While there has been no definitive explanation as to why there has been an increase in overall pedestrian traffic accidents in the United States, one research study specifically looked at pedestrian traffic accidents involving those wearing headphones.
The study was headed up by Richard Lichenstein, associate professor of pediatrics at the University of Maryland School of Medicine. The research shows that serious injuries to pedestrians are more likely if they are listening to music on headphones such as iPods.
The study reviewed some 116 traffic accidents involving pedestrians who were killed or injured by a vehicle or train while wearing headphones in the United States. The study focused on accidents that took place between the years 2004 to 2011.
The results showed the majority of the cases or (68%) were male and roughly two-thirds (67%) of victims were under 30 years old. In about one third (29%) the driver sounded a horn before the crash, but the pedestrian did not hear it. Also, (55%) of the cases studied involved a train and (89%) were located in urban counties.
“Ultimately the study showed that pedestrians using cell phones or listening to iPods are isolated from outside stimuli and so distracted that their behavior was less cautious and more risky than normal when crossing roadways,” Seegmiller said.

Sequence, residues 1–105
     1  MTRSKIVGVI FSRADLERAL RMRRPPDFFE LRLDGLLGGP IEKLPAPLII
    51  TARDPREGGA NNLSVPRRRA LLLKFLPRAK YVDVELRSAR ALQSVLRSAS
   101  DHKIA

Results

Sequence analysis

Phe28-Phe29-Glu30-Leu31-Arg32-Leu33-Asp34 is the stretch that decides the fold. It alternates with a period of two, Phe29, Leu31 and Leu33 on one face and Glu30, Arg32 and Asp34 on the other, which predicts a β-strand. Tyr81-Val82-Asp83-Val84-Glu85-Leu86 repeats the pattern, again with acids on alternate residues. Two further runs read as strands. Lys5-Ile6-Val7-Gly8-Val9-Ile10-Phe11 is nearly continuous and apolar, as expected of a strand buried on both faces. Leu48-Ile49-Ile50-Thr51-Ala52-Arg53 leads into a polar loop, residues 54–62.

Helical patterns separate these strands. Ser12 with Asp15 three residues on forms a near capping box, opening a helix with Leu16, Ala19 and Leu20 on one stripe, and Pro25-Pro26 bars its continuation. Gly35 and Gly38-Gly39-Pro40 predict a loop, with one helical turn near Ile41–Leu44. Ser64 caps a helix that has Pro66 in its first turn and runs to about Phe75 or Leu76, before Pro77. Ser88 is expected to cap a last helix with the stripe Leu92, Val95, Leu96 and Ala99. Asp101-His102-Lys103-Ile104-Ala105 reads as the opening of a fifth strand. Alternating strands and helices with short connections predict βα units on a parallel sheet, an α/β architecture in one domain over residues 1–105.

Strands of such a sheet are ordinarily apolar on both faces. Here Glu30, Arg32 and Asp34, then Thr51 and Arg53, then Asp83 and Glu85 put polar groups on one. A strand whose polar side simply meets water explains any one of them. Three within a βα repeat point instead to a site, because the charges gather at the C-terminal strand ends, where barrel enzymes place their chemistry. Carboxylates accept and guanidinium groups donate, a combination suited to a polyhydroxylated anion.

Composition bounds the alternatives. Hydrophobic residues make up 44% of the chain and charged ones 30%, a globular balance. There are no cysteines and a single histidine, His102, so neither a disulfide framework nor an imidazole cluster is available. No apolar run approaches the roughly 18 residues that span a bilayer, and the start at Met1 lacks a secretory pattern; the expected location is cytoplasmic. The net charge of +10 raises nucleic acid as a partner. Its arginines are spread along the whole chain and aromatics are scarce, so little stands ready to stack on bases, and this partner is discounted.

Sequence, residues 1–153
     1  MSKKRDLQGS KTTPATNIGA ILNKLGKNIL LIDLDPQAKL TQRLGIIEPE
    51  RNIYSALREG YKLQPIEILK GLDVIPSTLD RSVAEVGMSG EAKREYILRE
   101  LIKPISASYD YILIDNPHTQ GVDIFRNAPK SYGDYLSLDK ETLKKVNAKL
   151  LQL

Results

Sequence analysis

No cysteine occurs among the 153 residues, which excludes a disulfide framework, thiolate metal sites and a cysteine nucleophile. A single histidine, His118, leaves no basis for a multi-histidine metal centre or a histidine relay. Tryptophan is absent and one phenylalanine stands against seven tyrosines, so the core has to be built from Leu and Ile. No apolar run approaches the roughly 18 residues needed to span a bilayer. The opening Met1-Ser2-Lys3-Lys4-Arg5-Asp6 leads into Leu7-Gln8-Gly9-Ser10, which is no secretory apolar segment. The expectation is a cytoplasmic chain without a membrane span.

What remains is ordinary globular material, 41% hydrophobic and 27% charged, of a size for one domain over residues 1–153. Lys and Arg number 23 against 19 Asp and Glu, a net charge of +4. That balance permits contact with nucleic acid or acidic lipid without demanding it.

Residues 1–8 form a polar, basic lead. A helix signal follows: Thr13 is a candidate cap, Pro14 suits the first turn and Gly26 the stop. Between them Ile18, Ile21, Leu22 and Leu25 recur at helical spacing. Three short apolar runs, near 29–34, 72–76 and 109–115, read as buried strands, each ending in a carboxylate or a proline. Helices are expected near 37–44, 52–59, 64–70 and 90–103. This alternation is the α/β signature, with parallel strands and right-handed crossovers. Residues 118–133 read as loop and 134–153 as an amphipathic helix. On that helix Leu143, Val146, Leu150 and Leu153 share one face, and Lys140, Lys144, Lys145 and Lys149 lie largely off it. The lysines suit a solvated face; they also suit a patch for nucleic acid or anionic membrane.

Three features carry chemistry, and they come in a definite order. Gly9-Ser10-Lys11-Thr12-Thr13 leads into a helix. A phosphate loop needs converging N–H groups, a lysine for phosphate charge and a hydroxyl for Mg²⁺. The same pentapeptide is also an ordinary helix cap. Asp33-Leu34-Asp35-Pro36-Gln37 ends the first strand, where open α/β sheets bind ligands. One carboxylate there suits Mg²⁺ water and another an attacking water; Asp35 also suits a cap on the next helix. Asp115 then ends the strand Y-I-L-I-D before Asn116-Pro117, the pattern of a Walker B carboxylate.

California Pedestrian Law
When pedestrians are in our roadways it is incumbent upon both the driver and the pedestrian to be aware of one another and proceed carefully. Under California Vehicle Code Section 21950, drivers are required “to yield the right-of-way to a pedestrian crossing the roadway within any marked crosswalk or within any unmarked crosswalk at an intersection, except as otherwise provided in this chapter.”
However, the law also requires a pedestrian to exercise “due care for his or her safety.” The law says that pedestrians create a hazard if they “suddenly leave a curb or other place of safety and walk or run into the path of a vehicle.”
The law further explains that pedestrians are not supposed to “unnecessarily stop or delay traffic while in a marked or unmarked crosswalk.”
Keep in mind that the “driver of a vehicle approaching a pedestrian within any marked or unmarked crosswalk shall exercise all due care and shall reduce the speed of the vehicle or take any other action relating to the operation of the vehicle as necessary to safeguard the safety of the pedestrian.”
Certainly pedestrian accidents occur for many reasons and it’s impossible to prevent them all from happening, but our roadways will ultimately be safer if everyone follows the rules of the road and drivers slow down.
The Seegmiller Law Firm can be reached at 1-855-ASK–WEST. For over 30 years, the firm has been a staunch advocate for victims’ rights and has fought for clients involved in personal injury and wrongful death cases, including premises liability, product liability, auto accidents, dog bites, nursing home negligence, medical malpractice, at-work injuries and more. The firm has offices in Irvine, Riverside, Los Angeles and San Bernardino, California, and Las Vegas, Nevada